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[08:10:11] <ShadwChsr> hi :)
[08:12:22] <ShadwChsr> help!
[08:12:22] <ShadwChsr> :)
[08:15:22] <Darke> Hi! Err... help?
[08:17:12] <ShadwChsr> :)
[08:17:23] <ShadwChsr> FStreams.. evil... arggg
[08:17:26] <ShadwChsr> ;)
[08:18:01] <ShadwChsr> trying to read unicode data from an fstream.. and its not reading the data, instead it fills the array with the exact same value :P
[08:18:11] <ShadwChsr> and i cant find any usefull tutorials
[08:18:29] <ShadwChsr> char *temp2 = new char;
[08:18:37] <Darke> Eh? What are you using to read the data?
[08:18:44] <ShadwChsr> dataStream->get(temp2,32);
[08:19:04] <ShadwChsr> first off my compiler wont even show the contents of "temp2" (i assume because its a pointer?)
[08:19:36] <Darke> Hmm... that 'looks' correct. I'll just grab my reference and find a lightswitch. *grin*
[08:19:40] <ShadwChsr> does that look right? or should I declare it as a wchar_t instead, and typecast it to a char? :)
[08:20:24] <Darke> Hmm... wchat_t might make it 'work'.
[08:21:19] <ShadwChsr> Here's my problem - my resource editor is written in C# - and C# "only"(sorta) supports unicode
[08:21:41] <ShadwChsr> so it made more sense to save it that way, also for other languages later
[08:22:05] <ShadwChsr> so I want to read that data into C++.... and convert it to a standard "string"
[08:23:02] <ShadwChsr> now, if I learned this right:
[08:23:18] <ShadwChsr> sometype *somename; declares a pointer of type "sometype"
[08:23:43] <ShadwChsr> somename = &someothervar; makes somename point to someothervar
[08:23:54] <Darke> Might also want to use a wfstream too. If reading, a wifstream in specific. *grin*
[08:24:06] <ShadwChsr> someothervar2 = *somename; puts the value pointed at by somename into someothervar2
[08:24:09] <ShadwChsr> is that right? :)
[08:24:24] <Darke> Yep. *grin*
[08:24:28] <ShadwChsr> woohoo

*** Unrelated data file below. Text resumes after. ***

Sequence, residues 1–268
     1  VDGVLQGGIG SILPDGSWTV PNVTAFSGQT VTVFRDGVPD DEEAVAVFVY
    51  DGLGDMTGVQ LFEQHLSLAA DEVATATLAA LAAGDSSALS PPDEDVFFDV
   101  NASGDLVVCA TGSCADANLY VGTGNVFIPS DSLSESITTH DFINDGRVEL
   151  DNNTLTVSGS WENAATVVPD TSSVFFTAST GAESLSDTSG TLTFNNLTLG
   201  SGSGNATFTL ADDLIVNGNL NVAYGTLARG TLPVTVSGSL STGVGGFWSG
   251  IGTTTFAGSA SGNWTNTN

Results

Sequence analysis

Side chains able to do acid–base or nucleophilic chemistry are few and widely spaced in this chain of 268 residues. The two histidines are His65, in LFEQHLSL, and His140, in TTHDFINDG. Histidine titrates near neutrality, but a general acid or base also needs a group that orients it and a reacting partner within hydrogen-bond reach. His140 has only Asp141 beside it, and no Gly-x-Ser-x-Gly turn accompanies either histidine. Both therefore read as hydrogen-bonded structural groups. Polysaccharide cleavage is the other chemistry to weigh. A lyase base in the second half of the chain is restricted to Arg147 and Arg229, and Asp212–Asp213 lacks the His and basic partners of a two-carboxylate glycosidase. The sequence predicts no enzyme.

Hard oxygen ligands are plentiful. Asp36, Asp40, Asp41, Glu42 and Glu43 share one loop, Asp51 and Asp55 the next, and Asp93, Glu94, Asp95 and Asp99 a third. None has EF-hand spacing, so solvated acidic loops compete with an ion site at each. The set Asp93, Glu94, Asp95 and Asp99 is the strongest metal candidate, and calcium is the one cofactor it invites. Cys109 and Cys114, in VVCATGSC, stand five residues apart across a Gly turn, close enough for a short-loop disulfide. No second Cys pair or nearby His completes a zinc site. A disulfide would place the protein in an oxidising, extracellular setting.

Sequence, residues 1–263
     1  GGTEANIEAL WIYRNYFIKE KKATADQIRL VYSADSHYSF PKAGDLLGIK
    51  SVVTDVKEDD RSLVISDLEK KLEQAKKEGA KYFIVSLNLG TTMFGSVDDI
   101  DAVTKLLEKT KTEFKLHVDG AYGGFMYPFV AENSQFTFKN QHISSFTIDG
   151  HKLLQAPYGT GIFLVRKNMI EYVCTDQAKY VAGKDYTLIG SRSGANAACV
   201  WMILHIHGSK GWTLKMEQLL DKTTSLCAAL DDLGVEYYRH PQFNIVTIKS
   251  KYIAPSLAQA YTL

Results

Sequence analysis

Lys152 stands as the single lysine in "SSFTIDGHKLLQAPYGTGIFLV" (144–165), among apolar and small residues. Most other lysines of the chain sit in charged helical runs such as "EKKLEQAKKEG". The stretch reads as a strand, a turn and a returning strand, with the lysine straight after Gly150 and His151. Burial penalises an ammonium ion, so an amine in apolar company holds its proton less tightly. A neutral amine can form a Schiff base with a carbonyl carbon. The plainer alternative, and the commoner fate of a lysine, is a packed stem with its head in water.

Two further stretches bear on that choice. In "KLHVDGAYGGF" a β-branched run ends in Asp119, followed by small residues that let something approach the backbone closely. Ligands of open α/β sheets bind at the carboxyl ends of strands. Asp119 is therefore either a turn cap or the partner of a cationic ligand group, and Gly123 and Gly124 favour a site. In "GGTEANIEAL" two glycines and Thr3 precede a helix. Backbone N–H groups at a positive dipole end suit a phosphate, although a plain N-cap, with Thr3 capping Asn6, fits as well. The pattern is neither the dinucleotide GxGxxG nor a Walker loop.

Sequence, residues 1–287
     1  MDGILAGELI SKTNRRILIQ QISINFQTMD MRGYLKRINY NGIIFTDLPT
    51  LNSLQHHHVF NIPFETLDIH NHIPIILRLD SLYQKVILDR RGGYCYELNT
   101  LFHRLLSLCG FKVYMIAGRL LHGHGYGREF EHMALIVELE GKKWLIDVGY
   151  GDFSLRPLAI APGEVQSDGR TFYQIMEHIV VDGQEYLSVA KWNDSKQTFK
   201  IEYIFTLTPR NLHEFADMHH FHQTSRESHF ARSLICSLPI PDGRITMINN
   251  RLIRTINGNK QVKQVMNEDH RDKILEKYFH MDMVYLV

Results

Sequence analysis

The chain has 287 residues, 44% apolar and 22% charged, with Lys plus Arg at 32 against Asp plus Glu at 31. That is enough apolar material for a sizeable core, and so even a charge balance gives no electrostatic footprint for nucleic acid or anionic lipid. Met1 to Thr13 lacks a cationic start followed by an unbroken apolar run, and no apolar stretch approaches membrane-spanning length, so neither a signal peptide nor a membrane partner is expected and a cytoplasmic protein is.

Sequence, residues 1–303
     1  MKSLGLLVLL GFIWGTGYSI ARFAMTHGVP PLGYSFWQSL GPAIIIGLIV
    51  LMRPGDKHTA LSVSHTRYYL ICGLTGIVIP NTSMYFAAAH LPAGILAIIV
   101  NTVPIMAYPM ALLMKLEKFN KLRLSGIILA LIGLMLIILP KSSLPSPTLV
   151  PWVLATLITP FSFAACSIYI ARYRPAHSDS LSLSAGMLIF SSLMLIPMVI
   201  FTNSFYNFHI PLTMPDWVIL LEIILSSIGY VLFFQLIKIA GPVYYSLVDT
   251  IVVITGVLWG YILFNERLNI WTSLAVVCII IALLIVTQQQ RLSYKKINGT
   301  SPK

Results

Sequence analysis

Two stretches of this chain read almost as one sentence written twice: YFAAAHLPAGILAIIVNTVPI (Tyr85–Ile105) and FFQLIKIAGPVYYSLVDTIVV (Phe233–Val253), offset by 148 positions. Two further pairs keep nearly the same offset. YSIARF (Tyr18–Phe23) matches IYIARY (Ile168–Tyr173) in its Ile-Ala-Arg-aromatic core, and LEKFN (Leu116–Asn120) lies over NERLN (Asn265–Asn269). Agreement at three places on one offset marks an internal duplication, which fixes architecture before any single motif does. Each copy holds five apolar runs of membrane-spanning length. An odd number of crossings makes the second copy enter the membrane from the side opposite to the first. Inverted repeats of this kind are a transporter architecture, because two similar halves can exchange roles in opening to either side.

[08:24:29] <ShadwChsr> ;)
[08:24:39] <ShadwChsr> ok what confuses me is when arrays are thrown into it
[08:24:43] <ShadwChsr> lemme see if this is right...
[08:25:01] <ShadwChsr> char *whatever - array of 10 pointers to 1 char each
[08:25:21] <ShadwChsr> char *whatever = new char - pointer to an array of 10 chars
[08:25:23] <ShadwChsr> is that right? :)
[08:27:55] <Darke> Umm... yeah. I think. *grin* I'm the weirdo that uses std::strings rather then variable arrays of characters though, so I can't remember the last time I used one. *grin*
[08:28:12] <ShadwChsr> I like std::strings too :)
[08:28:34] <ShadwChsr> however, fstream forces me to use char arrays - so I need to do the conversion with those, then toss it into a std::string :)
[08:28:53] <ShadwChsr> any idea how I can convert from unicode to ascii?
[08:29:14] <ShadwChsr> without using windows api? :)
[08:33:11] * Darke suggests using `getline` instead. The global getline function accepts a std::string.
[08:33:22] <Darke> Not a clue. *grin*
[08:33:45] <ShadwChsr> getline assumes a terminator though, when my file format uses fixed length strings :(
[08:34:15] <Darke> Are you ever expecting a '\0' or something in the string?
[08:34:21] <ShadwChsr> yes
[08:34:30] <ShadwChsr> in at least one case
[08:34:43] <ShadwChsr> and the strings arent \0 terminated
[08:35:32] <Darke> Do they have \n's in the middle of them? Or is this just a string of technically any binary data?
[08:36:14] <ShadwChsr> well, in most cases (except for one) it would be a normal string of characters, which /may/ have a line break
[08:36:52] * Darke ahhs and ponders.
[08:37:34] <ShadwChsr> what I want to do is take a fixed length unicode string and toss it into a normal std:;string
[08:38:13] <ShadwChsr> I assume the unicode string is padded with \0 for the values that don't exist, ie/ a 1 character string stored in a file which has a 10 character fixed length size
[08:39:13] * Darke ahhs.
[08:39:34] <Darke> A bit of hack, but maybe something like:
[08:39:57] <Darke> getline(input, str, 32, '\0');
[08:40:18] <Darke> unsigned int i=str.size();
[08:40:35] <Darke> while(size-->0) input.pop();
[08:40:43] <Darke> s/int i/int size/
[08:41:01] <ShadwChsr> wouldn't getline expect a single byte char string?
[08:41:31] <Darke> Not if you're using wifstreams.
[08:41:51] <ShadwChsr> for some reason, "get" returns 0 for the first array index, then -51 for all the others
[08:42:45] <Darke> getline just uses the external interface to access istreams, so if you're using wifstreams it should Just Work(tm).
[08:42:57] * Darke blinks. That's just weird.